The founder of Nurthi in Sri Lanka is Don Bastian of Dehiwala. He had been inspired by watching Indian dramas. However, John De Silva also had an interest in this concept and he developed the first drama, Ramayanaya in 1886. Nurti comes in a form of drama where the dialogues are all verses delivered musically. Thus, this is a major part of the music of Sri Lanka.
4. Sinhala Light Music
Light music once again was adopted from India that the renowned music artists in Sri Lanka visited there and learned about the genre and started producing that of Sinhala. But, unlike Nurthi, this is not a direct borrowing. They were just influenced by the genre in India and attempted to make something unique in the home. Hence, Sinhala light music is a successful attempt by our genius musicians who contributed to pioneering this genre.
The pioneer of introducing this genre to the country is Ananda Samarakoon because of whom we have a national anthem of such patriotism. Then, it was Sunil Santha who further developed the concept and produced some unique pieces of Sinhala light music. However, the great musician Pandith Amaradeva is another significant contributor towards developing this unique music genre in Sri Lanka.
5. Classical Music
Classical music comes out as a mixture of folk music, Kolam music, Nadagam music, Nurthi music, and other music types, essentially came out as something very precious and good to hear. Also, this music genre has the influence of 18 traditional dances of Sri Lanka that feature animals like elephants, peacocks, monkeys, horses, etc. Hence, classical music is the most highlighting Sri Lankan type of music which is still popular after decades.
Traditional Music Instruments in Sri Lanka
Traditional musical instruments in Sri Lanka are a combination of varied sounds and beats. No two instruments can make the same sound. Thus, their sound variations are unique from one to another. When in an orchestra, none of the other instruments apart from these categories can hit the vibrant sound of the traditional music coming as a combination of every single sound of them as a whole. Also, these beats are very Sri Lankan and the sounds emerge the patriotic Sri Lankan in any human being who belongs to this priceless land. Especially, unlike other musical instruments around the world, the traditional musical instruments in Sri Lanka are not to be found in any other country. Thus, traditional musical instruments mark the identity of Sri Lanka as well.
Sri Lankan music instruments have a classification of five, which is originally named ‘Pancha Thurya-banda’ that consists of 10 different items of drums, cymbals, trumpets, and flutes. The following instruments will give you an idea about it!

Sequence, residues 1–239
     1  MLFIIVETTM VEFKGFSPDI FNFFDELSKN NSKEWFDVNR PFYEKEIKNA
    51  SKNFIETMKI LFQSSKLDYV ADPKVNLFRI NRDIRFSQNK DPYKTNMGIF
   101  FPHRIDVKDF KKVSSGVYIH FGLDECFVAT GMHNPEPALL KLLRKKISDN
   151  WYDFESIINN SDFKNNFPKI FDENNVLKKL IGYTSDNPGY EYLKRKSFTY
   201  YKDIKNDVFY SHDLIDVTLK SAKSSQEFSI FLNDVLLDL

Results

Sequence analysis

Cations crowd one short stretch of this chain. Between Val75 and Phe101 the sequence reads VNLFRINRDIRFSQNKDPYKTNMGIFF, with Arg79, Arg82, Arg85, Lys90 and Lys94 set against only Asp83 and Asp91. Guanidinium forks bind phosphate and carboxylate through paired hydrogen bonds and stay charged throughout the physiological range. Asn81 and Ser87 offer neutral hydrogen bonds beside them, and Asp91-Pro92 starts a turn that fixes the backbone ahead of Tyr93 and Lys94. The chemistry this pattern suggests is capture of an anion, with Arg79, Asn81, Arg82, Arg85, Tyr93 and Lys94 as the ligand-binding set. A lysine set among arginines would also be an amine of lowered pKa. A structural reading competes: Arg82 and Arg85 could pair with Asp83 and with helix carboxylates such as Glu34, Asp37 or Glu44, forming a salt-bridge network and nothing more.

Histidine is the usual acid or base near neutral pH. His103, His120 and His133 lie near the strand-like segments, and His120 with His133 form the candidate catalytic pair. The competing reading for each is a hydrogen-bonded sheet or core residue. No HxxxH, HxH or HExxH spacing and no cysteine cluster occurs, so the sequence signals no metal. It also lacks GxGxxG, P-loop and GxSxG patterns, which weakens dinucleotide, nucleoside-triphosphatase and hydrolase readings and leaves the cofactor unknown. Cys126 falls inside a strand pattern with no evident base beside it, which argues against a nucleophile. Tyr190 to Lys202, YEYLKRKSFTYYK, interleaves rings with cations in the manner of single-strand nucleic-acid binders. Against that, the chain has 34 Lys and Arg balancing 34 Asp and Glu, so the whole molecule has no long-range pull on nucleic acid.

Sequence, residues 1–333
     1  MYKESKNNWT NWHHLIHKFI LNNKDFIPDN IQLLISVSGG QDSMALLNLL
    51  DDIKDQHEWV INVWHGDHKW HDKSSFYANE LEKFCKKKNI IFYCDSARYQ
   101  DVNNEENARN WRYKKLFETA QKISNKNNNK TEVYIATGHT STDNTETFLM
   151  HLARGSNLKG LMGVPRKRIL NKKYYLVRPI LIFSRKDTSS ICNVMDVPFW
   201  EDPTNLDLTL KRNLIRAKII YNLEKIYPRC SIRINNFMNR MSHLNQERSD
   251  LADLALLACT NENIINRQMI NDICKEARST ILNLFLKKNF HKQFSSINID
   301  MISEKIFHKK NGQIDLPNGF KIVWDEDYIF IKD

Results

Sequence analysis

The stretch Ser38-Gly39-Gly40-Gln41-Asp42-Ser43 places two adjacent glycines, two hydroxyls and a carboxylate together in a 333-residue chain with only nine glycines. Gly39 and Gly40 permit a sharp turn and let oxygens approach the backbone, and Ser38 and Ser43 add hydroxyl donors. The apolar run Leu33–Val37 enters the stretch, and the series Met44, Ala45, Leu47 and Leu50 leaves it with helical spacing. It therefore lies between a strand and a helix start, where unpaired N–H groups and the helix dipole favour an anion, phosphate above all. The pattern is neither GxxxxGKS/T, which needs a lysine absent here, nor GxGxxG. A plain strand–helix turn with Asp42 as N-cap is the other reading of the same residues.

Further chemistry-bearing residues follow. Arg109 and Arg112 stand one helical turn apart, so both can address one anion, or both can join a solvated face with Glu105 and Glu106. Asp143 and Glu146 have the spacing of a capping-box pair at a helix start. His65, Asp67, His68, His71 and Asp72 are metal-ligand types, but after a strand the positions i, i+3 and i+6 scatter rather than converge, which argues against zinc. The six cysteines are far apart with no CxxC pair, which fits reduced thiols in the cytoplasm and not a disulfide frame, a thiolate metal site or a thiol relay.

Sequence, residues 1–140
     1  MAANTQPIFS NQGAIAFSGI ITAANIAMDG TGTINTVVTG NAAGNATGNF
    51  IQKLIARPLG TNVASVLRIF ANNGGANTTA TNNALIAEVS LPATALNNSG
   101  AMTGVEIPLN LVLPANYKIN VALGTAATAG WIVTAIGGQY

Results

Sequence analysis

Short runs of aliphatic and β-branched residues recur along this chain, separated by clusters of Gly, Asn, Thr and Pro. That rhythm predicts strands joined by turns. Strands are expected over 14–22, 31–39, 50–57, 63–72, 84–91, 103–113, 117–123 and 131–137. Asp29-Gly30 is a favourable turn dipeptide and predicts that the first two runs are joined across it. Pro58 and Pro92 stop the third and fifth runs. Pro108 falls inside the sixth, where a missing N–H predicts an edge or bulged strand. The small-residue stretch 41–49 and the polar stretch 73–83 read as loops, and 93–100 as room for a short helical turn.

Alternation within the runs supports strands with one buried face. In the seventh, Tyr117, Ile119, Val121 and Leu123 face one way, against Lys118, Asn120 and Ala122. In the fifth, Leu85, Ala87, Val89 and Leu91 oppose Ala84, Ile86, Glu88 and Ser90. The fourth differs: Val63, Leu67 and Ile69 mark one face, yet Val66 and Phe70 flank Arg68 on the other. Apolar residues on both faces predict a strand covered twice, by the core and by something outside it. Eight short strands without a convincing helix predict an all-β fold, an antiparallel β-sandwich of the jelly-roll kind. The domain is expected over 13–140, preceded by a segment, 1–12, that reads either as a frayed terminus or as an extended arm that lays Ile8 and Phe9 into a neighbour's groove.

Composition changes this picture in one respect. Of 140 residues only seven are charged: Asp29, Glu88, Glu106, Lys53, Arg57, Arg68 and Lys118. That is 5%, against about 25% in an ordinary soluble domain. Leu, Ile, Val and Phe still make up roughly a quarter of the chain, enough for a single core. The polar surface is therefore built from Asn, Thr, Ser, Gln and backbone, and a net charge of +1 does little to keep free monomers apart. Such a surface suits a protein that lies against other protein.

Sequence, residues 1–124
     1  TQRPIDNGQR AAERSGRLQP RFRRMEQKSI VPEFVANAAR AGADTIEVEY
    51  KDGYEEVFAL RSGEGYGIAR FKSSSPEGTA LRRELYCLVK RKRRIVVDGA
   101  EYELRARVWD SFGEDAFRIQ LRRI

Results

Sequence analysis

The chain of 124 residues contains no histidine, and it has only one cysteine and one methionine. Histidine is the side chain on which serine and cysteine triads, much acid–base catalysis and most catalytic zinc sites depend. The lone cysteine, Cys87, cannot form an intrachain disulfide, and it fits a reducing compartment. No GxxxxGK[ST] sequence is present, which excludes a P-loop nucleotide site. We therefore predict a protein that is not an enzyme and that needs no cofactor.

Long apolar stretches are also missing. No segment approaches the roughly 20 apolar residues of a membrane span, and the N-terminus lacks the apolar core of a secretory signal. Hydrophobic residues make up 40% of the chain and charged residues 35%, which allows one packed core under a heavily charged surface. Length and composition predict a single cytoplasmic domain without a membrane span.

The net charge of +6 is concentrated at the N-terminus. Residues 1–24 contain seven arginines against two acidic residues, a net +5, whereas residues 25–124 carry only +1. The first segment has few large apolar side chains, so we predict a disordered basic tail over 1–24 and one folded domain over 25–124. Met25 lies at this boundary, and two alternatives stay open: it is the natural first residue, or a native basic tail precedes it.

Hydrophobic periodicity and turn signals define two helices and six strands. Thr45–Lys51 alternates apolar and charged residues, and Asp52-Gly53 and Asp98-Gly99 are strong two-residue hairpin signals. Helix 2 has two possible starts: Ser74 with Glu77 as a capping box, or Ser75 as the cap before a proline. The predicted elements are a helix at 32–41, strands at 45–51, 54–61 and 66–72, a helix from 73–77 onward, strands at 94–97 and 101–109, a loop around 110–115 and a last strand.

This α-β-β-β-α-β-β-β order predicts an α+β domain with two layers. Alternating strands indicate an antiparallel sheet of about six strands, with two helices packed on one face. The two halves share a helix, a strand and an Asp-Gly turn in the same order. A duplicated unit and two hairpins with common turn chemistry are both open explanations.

This belongs to the category called drums or percussion in the classification. Getaberaya is the main musical instrument of the typical Sri Lankan dance which is Kandyan dance. It is solely a creation of different parts of trees and the skin of animals. Besides, it is a long, knotted, double-headed drum with straps around the body for tuning purposes. It is an incredible creation of Sri Lankan drum makers and irreplaceable.
Yak-beraya or ‘the demon drum’ also falls under the category drums and this is the main musical instrument of low country dance. This is quite longer and wider than the getaberaya but the structure is similar, double-headed, and not knotted. It looks like a cylinder and is heavier than getaberaya. People use natural resources to make this drum as well and it gives a completely different sound. This type of drum has a strong connection with the form of art where dancers wear masks of the devil and do dances according to the beats of the Yak-beraya. They usually imitate different devils that the people on the island believe to exist.
Dawula is one of the other instruments that come under the category of drums or percussion. It is the major instrument of the other traditional dance type, the Sabaragamuwa dance style. When compared to the other two, this is smaller in size and different in shape as well. It has a barrel shape that is quite wider than the other two. Also, they use a hand and stick to strike the heads rather than both hands. But the structure is similar to the demon drum, yet the sound it produces is different. Each drum has a unique beat that makes each dancing style different from the other.
Thammatama is also a member of the percussion family, yet differs in shape and the art of use. Similarly, this is also a double-headed drum but facing upside with two separate drums combined together unlike other drums. The striking sources are not at all the palms of the hand but two sticks specially designed for the drum. This always goes as the companion of Dawula. However, the sound it produces is way too different from the sounds that the other drums mentioned above produce. This is a commonly seen instrument in pageants (Perahera Functions)
This is the smallest drum in Sri Lanka and the structure is quite different from all the other drums. This looks like an hourglass and has two faces on both ends. It is very convenient to play since one has to strike both sides interchangeably with one hand while holding the drum from the middle with the other hand. This is not as common as other drums but is used on occasions when needed.